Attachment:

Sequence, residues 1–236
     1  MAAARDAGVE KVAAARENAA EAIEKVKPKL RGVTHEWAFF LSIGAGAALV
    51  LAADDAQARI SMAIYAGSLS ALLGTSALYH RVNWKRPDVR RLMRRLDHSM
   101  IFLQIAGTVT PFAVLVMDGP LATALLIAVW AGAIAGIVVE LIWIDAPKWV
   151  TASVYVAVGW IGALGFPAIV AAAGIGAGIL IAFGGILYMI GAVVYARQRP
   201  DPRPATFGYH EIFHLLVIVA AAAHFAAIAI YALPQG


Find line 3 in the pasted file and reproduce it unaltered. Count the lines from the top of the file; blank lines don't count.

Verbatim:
    51  LAADDAQARI SMAIYAGSLS ALLGTSALYH RVNWKRPDVR RLMRRLDHSM